4D to 3D Projection Animations

by John Dick

(1) Wheel Animation with W "Away"

The animations here show six wheels negotiating circular tracks in 4D (WXYZ). All tracks are at "ground" level (Z = 0). All wheels are upright with respect to Z. The lighter colored tracks are at constant W values: Since the upper track is farther "away" the wheels appear smaller there.

This Animation

Ground level (Z=0) in 4D is actually a full 3 dimensional space (WXY) instead of the 2D surface (XY) that we naturally expect. So here (and in subsequent views) there are more kinds of circular tracks on the "ground" than we're used to.

"Away" here means exactly what you see in a 2D photograph of a 3D landsape--nearby objects are larger and nearer the bottom of the picture, while distant ones are smaller and tend to be higher, near the horizon. What you are looking at is a 3D photograph of a 4D line drawing.

With this in mind, it's not hard to understand the two lighter orange tracks (the upper one being farther "away"). When moving on the other 4 tracks (two each in the WX and WY planes), the wheels show varying sizes; becoming smaller as they move "away".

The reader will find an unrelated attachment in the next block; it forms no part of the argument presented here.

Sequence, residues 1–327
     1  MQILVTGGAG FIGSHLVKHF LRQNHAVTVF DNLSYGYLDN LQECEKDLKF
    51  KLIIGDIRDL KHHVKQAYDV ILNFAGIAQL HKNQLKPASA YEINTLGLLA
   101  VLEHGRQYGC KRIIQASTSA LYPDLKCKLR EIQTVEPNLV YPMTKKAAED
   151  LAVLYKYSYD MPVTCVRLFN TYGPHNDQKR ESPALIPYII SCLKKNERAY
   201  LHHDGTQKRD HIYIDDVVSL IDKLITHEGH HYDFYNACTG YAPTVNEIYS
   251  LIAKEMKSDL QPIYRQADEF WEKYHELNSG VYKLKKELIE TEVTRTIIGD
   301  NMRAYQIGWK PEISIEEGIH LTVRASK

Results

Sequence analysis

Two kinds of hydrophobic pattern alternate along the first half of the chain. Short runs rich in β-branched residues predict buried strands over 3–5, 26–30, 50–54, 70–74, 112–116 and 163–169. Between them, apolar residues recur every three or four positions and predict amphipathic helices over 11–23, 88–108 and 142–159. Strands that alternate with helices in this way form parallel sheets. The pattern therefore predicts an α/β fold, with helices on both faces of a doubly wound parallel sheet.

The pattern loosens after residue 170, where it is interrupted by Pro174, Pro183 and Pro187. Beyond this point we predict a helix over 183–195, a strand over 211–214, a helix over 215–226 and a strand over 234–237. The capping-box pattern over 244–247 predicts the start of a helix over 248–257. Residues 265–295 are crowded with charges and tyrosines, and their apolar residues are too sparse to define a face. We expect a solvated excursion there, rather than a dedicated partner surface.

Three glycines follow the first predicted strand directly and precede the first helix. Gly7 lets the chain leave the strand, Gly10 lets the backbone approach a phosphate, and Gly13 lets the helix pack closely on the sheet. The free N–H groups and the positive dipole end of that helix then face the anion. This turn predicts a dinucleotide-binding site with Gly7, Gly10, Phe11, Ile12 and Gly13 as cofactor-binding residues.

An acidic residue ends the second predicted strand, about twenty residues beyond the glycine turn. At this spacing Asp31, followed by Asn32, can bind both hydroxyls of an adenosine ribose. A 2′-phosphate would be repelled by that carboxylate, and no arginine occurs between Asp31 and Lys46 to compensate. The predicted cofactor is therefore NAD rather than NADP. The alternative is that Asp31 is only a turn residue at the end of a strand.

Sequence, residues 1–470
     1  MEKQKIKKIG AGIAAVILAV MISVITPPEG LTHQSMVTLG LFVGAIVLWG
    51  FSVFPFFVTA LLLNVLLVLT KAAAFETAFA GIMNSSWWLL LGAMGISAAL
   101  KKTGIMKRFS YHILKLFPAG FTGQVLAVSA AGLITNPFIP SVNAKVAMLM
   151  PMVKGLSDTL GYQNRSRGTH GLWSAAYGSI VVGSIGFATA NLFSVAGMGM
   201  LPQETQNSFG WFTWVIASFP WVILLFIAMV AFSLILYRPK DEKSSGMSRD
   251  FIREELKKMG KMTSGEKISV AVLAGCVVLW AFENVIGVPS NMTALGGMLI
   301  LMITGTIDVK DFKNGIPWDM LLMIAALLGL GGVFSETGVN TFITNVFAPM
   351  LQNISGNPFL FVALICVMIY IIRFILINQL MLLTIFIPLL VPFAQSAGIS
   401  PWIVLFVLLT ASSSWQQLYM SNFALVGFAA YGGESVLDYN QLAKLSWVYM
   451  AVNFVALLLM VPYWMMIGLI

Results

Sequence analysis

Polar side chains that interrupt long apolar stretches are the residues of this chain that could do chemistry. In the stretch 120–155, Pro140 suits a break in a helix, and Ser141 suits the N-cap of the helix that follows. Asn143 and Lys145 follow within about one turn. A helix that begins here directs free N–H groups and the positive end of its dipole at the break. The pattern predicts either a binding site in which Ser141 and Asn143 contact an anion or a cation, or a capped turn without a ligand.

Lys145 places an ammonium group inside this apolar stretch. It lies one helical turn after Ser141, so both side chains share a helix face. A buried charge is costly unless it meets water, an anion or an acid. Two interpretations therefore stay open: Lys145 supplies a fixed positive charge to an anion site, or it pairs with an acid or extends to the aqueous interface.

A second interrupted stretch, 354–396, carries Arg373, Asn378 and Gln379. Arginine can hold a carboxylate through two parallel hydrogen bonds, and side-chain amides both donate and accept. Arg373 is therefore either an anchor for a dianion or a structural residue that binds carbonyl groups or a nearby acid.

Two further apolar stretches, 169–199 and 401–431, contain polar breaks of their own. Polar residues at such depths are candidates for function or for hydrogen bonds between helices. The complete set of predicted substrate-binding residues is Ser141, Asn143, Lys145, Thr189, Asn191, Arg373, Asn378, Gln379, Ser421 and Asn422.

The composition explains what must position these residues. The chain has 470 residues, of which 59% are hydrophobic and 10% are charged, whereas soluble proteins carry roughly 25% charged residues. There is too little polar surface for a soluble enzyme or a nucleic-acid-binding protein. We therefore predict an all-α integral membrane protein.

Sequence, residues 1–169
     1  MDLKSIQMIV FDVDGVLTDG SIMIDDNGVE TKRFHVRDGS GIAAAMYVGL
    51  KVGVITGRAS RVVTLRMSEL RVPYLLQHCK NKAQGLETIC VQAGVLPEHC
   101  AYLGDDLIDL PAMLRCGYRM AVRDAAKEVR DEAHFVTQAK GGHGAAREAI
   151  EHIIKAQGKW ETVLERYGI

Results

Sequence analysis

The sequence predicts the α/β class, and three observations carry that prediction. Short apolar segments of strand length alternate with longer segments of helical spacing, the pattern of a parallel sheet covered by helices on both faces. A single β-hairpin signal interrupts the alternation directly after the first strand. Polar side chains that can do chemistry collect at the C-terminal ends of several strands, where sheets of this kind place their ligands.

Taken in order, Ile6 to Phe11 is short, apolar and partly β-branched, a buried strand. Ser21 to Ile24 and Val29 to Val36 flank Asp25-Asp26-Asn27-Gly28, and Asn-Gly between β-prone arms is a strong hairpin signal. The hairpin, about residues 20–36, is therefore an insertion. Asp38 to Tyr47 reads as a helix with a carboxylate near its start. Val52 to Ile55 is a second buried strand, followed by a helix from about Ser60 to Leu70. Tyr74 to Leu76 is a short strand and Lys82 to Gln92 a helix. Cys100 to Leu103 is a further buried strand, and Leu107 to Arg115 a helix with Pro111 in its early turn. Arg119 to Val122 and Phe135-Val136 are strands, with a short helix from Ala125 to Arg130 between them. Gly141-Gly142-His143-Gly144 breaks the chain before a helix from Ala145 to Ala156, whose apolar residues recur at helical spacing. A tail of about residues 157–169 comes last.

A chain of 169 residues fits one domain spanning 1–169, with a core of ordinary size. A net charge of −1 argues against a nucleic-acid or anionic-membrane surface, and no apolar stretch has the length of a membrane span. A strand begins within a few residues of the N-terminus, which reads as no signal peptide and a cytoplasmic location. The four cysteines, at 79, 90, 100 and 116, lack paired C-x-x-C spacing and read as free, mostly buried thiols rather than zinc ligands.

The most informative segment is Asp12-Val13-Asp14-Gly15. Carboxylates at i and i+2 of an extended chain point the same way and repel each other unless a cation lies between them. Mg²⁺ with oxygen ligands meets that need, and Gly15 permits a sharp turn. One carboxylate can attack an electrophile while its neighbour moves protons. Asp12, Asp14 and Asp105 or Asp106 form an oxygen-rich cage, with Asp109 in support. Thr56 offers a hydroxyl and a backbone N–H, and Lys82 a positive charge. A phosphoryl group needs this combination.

In this animation each wheel always stays on the same track--you'll find more variety in subsequent videos. Question: Can you figure out at what point a wheel is moving directly in the W (away) direction?

Is 4D Real?

While a 4D world may seem inconceivable to us, realizing such a world in a computer is not particularly more difficult than for a 3D environment.

Computer games already create rich 3D environments for us to explore. These environments do become real for us as we negotiate the tasks of the game. With ever-increasing pc capability, an expansion to 4D is a very real option. It would make possible a richer environment than anything possible in 3D due to greater possibilities for connectivity and shape.

A 4D environment also has "more" space than 3D does. Hyperbolic 3D geometries (also with "more" space) have been getting some press recently for use in virtual reality (VR) environments. What does it mean to have more space? The VR users report that hyperbolic geometry presents a great many more "nearby" elements than is possible in ordinary 3D. Again, this makes for a richer environment.

Worlds with many different dimensionalities are commonplace in science and are often graphically visualized, 2 or 3 dimensions at a time. The game-like environment shown here gives us a chance to see whether we can learn to make sense of worlds, real or created, 4 dimensions at a time.

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